Science march on Washington, billed as historic, plagued by organizational turmoil
It may be the largest rally in support of science ever. Hundreds of thousands of people have joined the Facebook group for the upcoming March for Science, and tens of thousands have offered to volunteer. Beyond a march in Washington, more than 400 cities worldwide will host simultaneous events on April 22 to repudiate science policies of the new White House and Congress.
Yet for all the excitement, STAT has found, plans for the march are plagued by infighting among organizers, attacks from outside scientists who don’t feel their interests are fairly represented, and operational disputes. Tensions have become so pronounced that some organizers have quit and many scientists have pledged not to attend.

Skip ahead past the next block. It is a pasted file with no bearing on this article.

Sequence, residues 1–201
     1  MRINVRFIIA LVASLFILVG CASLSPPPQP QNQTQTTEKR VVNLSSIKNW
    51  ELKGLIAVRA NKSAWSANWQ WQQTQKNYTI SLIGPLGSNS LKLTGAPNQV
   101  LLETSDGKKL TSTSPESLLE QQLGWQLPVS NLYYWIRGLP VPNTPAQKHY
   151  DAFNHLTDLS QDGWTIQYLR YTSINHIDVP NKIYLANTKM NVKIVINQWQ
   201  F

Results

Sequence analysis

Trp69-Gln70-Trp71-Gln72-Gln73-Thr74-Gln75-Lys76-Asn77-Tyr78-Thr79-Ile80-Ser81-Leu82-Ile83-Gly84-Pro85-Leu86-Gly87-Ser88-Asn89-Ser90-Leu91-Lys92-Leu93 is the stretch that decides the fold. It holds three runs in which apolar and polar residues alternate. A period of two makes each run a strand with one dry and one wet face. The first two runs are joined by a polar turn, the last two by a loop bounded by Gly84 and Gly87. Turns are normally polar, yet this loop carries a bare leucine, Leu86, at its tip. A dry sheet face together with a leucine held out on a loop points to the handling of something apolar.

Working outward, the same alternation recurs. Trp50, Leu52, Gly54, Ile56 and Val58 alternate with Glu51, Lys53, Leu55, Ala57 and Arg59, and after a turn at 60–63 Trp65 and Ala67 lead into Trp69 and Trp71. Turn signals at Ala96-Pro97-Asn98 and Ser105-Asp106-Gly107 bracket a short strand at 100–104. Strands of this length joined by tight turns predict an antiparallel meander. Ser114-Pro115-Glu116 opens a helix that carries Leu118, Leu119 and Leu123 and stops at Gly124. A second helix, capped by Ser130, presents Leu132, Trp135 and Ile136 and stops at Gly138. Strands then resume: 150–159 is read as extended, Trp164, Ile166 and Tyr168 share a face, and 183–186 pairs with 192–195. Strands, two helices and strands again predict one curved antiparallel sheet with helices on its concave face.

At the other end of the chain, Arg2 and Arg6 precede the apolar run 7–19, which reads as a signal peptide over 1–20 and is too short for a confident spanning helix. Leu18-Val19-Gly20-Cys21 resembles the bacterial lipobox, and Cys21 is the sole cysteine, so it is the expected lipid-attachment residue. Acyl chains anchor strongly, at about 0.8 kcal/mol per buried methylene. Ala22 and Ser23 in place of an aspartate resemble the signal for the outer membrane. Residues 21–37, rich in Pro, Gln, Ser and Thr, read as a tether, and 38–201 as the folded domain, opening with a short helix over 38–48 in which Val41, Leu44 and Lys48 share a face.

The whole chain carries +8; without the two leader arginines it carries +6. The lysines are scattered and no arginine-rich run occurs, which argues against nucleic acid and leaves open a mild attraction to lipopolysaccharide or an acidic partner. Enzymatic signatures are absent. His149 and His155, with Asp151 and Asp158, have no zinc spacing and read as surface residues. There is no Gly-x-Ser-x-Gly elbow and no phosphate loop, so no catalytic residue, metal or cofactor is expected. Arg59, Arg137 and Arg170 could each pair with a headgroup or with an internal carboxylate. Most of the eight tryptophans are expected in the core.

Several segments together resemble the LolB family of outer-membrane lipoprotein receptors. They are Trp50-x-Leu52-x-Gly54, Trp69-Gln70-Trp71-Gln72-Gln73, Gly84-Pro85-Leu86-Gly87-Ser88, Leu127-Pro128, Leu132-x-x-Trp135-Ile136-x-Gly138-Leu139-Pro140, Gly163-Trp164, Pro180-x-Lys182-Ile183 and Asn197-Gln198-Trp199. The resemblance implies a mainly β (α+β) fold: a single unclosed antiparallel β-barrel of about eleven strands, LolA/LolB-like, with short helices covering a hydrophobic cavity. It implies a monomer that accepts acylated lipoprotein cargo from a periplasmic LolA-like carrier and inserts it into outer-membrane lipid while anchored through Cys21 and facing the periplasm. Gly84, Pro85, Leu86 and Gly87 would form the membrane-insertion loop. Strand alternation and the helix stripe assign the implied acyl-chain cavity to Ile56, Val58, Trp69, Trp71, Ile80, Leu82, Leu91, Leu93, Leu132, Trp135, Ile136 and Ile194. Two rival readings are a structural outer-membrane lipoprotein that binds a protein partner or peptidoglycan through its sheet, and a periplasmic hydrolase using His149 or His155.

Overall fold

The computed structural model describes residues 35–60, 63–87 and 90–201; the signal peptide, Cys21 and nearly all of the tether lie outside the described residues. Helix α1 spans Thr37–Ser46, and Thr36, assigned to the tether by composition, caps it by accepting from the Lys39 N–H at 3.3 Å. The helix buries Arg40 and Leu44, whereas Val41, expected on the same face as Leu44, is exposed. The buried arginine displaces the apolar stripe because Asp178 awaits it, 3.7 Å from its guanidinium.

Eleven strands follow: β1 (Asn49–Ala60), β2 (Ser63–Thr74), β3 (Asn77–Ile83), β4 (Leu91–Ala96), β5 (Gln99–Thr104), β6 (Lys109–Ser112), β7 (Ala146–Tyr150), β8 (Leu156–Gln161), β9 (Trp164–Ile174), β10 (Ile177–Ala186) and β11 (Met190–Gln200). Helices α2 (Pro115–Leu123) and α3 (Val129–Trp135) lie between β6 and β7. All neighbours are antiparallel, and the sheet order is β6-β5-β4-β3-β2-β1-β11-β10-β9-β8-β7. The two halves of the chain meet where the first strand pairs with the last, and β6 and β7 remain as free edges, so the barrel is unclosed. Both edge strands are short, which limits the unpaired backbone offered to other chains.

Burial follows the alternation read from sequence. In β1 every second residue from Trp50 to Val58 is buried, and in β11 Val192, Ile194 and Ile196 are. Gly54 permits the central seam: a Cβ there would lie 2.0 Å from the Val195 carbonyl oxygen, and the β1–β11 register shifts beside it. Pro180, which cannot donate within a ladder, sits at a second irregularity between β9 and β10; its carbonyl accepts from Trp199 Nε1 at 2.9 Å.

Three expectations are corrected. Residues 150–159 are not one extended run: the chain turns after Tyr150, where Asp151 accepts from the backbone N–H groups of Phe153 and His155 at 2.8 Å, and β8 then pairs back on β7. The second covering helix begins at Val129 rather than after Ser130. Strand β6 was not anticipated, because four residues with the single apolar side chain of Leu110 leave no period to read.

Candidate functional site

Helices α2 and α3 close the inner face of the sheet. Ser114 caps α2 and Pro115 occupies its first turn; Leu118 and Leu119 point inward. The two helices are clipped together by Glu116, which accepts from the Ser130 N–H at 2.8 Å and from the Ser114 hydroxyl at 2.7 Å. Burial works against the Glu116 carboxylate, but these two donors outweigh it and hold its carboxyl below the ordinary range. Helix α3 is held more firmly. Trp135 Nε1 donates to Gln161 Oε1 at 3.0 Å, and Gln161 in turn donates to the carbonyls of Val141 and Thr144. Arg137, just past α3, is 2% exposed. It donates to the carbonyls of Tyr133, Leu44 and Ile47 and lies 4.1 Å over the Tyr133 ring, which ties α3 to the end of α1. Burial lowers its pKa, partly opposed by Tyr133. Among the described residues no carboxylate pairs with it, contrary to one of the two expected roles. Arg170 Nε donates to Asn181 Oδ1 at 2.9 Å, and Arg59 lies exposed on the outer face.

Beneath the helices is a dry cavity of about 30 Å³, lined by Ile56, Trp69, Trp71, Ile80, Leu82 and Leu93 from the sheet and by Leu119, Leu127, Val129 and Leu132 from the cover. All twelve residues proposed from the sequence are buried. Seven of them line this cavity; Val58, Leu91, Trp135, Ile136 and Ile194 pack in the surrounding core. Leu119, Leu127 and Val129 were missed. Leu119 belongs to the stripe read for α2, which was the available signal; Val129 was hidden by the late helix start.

What was billed as science advocates speaking with a unified voice, then, has instead surfaced long-lingering tensions within the scientific community.
Sad to say, scratch an academic and you find a progressive:
Jacquelyn Gill, a biology and ecology professor at the University of Maine, told STAT that she quit the organizing committee in recent weeks because of leaders’ resistance to aggressively addressing inequalities — including race and gender.
“We were really in this position where, because the march failed to actively address those structural inequalities within its own organization and then to effectively communicate those values outward, we carried those inequalities forward,” Gill said. “Some of these problems stem from the march leadership failing early on in its messaging.”
Hey Jacquelyn, this is not about your personal soapbox, this is about, you know, Science.
Much more at the site - shows you just how much partisan politics has infected the academic community. It used to be pure but is now a cess-pit.